Research and experience both show the best way to deal with insect infestations in the home is by applying insecticidal dust with an electric duster. Dusting with an electric duster is the optimal control option for dealing with a range of common household pests, including bed bugs, cockroaches, silverfish, ants and spiders.
But what's in the dust? How does it work, and what precautions have to be taken when applying it with an electric duster?
Dust is the common pest-control industry term for a range of insecticides applied in a fine, granular form. Although it is an effective treatment for bed-bug issues and insect-control problems, it's correct to assume that any insecticide used improperly and without professional application can be harmful to adults, children and pets. That's why we cannot stress enough how important it is that all pest-control products be applied by a professional with the proper training and equipment.
Dust has become the standard form for pest elimination in households because of several advantages over liquid sprays:
Insecticide dusts are sold under a wide range of trade names and formulations such as Drione, DeltaDust, Tempo and others. Yet most are based on a few different types of chemicals.
Many dusts contain chemicals that belong to the pyrethrin family. Pyrethrins, such as permethrin, are considered organic chemicals because they are derived from chrysanthemum flowers, whose insect-repellent properties have been known for centuries.
Pyrethrins work by targeting the nervous systems of insects. They're often combined with piperonyl butoxide, which enhances the potency of the insecticide.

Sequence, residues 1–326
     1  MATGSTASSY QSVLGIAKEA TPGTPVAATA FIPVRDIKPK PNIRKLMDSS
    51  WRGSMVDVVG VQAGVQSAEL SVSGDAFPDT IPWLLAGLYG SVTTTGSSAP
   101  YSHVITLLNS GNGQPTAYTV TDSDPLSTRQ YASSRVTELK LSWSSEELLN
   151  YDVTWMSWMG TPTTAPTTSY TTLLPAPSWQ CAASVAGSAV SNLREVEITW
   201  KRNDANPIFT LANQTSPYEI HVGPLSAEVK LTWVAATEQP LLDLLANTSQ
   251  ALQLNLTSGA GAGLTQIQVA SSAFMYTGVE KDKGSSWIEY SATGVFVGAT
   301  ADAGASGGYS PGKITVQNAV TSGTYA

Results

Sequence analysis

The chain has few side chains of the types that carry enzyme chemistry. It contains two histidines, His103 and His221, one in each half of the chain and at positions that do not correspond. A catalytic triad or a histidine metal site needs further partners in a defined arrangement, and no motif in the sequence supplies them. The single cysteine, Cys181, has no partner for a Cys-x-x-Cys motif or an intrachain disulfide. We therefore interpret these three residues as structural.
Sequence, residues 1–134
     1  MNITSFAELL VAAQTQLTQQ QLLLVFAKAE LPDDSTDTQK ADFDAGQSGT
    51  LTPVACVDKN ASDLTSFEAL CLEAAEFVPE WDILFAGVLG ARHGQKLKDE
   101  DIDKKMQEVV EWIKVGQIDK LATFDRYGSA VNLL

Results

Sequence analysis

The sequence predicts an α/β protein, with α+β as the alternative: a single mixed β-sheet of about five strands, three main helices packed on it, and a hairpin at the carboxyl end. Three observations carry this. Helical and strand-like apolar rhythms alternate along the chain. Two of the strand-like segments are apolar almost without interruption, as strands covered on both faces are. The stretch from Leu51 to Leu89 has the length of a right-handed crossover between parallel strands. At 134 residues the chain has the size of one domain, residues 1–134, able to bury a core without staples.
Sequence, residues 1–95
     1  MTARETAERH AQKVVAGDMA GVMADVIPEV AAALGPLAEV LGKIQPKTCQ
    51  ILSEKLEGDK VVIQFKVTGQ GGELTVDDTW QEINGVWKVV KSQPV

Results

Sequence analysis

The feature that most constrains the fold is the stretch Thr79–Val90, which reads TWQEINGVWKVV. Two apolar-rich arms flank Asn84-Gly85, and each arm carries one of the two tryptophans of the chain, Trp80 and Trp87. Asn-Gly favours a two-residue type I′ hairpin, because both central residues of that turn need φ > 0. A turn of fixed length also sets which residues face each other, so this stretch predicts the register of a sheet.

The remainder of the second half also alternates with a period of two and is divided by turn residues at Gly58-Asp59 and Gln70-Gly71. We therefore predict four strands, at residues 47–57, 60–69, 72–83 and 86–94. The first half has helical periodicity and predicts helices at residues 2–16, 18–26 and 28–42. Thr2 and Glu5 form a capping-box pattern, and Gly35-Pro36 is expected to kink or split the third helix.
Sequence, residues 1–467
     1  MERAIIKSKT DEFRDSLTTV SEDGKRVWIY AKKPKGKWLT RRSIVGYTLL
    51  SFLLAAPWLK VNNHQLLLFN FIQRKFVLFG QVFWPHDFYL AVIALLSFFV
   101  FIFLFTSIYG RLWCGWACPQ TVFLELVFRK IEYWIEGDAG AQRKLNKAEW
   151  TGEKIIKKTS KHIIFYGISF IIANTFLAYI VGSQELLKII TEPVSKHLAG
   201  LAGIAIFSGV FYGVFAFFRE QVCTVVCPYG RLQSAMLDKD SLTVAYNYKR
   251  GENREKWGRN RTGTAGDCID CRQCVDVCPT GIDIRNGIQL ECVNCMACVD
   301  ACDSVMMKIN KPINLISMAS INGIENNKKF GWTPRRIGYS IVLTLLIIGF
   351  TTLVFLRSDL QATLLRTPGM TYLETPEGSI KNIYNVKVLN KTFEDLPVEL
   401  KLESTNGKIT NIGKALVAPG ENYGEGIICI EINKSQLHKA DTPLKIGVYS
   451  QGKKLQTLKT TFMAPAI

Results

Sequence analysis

Deltamethrin is one of the most commonly used pyrethroid insecticides. Odorless, it can be used on plants and will kill insects for up to months at a time. Deltamethrin does not absorb water, so unlike some other dusts, water does not destroy it. Deltamethrin will not clump. It provides fast and effective control of ants, boxelder bugs, ladybugs, carpenter bees, cockroaches, fleas, silverfish and ticks.
Deltamethrin is highly toxic to fish and other aquatic life, so it must be used carefully around water. Although Deltamethrin-based dusts are generally considered safe for use around humans, in high concentrations it is neurotoxic and causes allergic reactions in some people. Studies have shown women can pass the chemical into breast milk.
Another pyrethroid often used in brands of insecticide dust is cyfluthrin. It's often used as a spray insecticide on agricultural crops because, while it's deadly to insects, it's safe around people in low concentrations.
Boric acid dusts also are used for application in cracks and crevices and between walls and baseboards. These are considered most effective against roaches, ants and silverfish.
Every type of dust has its advantages and disadvantages and its best uses. Selecting the right dust to use depends on the type of pest in question, the environment where it's found and the presence of other animals, pets and children.
Eliminating pests, whether bed bugs, ladybugs, ants or silverfish, requires the choice of the right dust and application with an electric duster by a trained, qualified and experienced professional.
Here at Technicide, we have the electric duster and applicator accessories that any pest-control professional needs. Contact us today to talk about the right professional tools.